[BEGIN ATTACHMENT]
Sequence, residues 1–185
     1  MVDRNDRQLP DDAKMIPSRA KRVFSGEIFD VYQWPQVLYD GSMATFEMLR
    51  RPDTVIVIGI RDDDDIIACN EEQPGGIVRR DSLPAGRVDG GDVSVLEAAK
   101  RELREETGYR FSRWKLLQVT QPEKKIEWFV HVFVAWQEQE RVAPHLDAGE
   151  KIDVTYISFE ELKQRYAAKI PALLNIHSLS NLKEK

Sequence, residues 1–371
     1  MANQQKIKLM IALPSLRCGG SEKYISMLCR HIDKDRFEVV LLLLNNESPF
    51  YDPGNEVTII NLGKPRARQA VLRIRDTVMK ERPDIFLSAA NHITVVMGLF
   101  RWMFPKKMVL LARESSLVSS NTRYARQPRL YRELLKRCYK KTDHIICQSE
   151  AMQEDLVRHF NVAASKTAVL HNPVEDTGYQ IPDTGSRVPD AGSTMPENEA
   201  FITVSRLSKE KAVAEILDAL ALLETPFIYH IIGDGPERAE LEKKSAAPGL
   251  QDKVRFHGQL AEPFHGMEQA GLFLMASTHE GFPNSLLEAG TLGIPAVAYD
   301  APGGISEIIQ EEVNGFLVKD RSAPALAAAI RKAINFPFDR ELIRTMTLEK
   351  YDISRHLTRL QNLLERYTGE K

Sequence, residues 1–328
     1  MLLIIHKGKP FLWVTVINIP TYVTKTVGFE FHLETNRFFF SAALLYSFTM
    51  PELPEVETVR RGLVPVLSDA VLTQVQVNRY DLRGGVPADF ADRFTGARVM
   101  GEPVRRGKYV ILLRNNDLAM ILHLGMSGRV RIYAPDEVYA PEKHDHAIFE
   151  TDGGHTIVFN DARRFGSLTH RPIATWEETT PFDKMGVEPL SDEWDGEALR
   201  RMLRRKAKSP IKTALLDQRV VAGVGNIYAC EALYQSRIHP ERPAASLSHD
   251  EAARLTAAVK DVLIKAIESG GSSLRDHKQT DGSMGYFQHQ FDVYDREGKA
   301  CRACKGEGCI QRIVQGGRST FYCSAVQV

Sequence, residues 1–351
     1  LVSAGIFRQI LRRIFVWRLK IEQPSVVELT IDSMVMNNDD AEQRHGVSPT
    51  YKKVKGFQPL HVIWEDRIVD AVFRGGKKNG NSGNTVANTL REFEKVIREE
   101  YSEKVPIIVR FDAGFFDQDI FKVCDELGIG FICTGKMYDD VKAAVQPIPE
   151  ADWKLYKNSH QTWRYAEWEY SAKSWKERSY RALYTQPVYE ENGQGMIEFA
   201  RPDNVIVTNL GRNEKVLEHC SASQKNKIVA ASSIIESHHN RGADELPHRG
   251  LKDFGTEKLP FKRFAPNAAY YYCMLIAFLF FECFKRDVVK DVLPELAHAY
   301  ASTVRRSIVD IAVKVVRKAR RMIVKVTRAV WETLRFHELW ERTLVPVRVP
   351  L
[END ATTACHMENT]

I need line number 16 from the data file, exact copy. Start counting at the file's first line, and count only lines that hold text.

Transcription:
     1  MLLIIHKGKP FLWVTVINIP TYVTKTVGFE FHLETNRFFF SAALLYSFTM